The reality of the situation is that because your range is unbalanced and your opponents range is not, he has a fundamental advantage over you, choice.  He can take different actions with different portions of his range so that even though his average equity is 50%, he can use the strong portion of his range (the nuts) to protect some of the weak portion of his range (the air) and make them indistinguishable to you, thus increasing his EV.

The advantage here for player 2 is NOT due to his opponents hand being face up, rather it is due to the fact that he knows whether he actually has the nuts or air and his opponent does not.

To see this, take the exact same scenario as above, but force player 2 to act without looking at his cards. From player 1's perspective he still has no idea whether his opponent has the nuts or air.  From player 2's perspective, he still knows exactly what his opponent has, player 1's hand is just as face up.  However, in this case, it is easy for player 1 to win the pot half the time.  When player 2 is playing blind, player 1 can just call any bet no matter the amount (or check) and he will win average winning exactly 50% of the pot, even though player 1's hand is still face up.

When you hold a balanced range (a range with a variety of hand strengths) in any given hand you know which specific portion of your range you actually hold and your opponent does not.  That informational difference about your own holdings can be converted into money, often with very simple strategies as shown above, and your opponent can not prevent that, even with perfect play.

Obviously if a simple, over-bet shove 2x pot or fold strategy lets player 2 win 75% of the pot on average, no matter what his opponent does, the Nash Equilibrium strategy will do even better for him.  As you can see in the video below, in a simple scenario where each player can bet 50% pot or shove all in at each point, player 2 (the hero) has an EV of 50bb in this scenario or about 84.4% of the pot, even though his equity is 50%.  Furthermore, the deeper the stacks, the more player 2's EV increases.  With 1000bb stacks player 2 wins 95% of the pot and as stacks go to infinity, player 2 wins 100% (if anyone is interested in a proof of that, ask in the comments).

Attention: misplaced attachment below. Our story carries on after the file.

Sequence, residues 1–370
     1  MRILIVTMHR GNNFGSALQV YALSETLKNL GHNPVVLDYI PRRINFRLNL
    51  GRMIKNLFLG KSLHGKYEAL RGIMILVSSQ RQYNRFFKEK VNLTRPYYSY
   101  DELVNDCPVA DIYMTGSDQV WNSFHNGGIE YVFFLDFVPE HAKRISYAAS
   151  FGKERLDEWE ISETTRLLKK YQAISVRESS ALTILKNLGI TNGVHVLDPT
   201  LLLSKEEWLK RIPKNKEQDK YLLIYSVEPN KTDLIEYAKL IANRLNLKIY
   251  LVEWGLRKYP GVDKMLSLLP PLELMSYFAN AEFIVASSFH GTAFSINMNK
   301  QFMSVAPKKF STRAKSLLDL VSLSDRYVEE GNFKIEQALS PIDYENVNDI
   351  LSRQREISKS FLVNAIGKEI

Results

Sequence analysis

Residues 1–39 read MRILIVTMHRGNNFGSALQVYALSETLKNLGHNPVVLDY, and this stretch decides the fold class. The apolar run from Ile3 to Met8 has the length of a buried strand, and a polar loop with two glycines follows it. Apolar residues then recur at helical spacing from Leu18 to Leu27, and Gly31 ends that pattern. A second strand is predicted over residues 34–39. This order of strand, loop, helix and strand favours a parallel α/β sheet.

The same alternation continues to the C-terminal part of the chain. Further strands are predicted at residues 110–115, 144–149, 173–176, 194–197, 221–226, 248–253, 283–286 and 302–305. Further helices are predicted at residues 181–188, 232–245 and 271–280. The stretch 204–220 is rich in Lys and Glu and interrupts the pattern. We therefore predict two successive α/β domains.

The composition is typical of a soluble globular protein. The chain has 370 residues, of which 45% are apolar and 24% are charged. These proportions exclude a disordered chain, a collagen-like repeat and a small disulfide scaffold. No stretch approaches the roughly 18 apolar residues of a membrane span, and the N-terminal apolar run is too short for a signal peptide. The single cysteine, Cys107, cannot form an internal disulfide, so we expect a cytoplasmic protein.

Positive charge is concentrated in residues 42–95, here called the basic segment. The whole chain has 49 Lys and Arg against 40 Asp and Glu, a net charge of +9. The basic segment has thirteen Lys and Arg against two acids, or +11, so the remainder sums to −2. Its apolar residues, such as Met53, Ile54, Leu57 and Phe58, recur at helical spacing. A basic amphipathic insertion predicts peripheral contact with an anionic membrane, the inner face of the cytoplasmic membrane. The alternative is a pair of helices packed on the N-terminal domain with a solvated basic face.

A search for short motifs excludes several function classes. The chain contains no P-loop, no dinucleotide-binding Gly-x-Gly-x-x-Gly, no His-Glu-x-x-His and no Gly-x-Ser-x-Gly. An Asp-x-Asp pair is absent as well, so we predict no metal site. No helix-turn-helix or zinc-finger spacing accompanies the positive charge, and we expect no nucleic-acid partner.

Anytime you rely on equity to determine the EV of a decision you are assuming that your opponent is going to let you showdown your hand which, in practice, ignores many of the biggest parts of poker.  How well balanced your range is determines how many strategic options you have available and increases the informational balance you have (by knowing your exact holdings) over your opponent (who is putting you on a hand range).  In lots of post flop situations, the impact of your range balance will outweigh the actual equity strength of your range.

There is a lot more analysis that can be done here, for example, how much does this result change if, rather than a pure nuts or air scenario, we look at two players whose ranges overlap, but where one players in generally more polarized.  Or what about scenarios where both players can have air but one players range is capped?  Can adding air to a range actually increase its EV by opening up more strategic options, etc?  For now, I'm going to leave those questions for a future blog post, but if there are any particular questions that you'd like me to analyze, just let me know :)


  1. Meh, my comment disappeared, so I'll just say - it's similar to "Optimal 3bet\4bet\5bet ranges" from, I'd love to see AKQ game, and good work!

  2. Sorry to hear your comment disappeared, I'm using googles blogger software for this blog and sometimes it seems a bit unreliable.

    Anyways, thanks for reading! I think within the next 10 days or so I'll do a thorough post on the AKQ game, and extending it to the AKQJT98 game. Stay tuned :)


Note: Only a member of this blog may post a comment.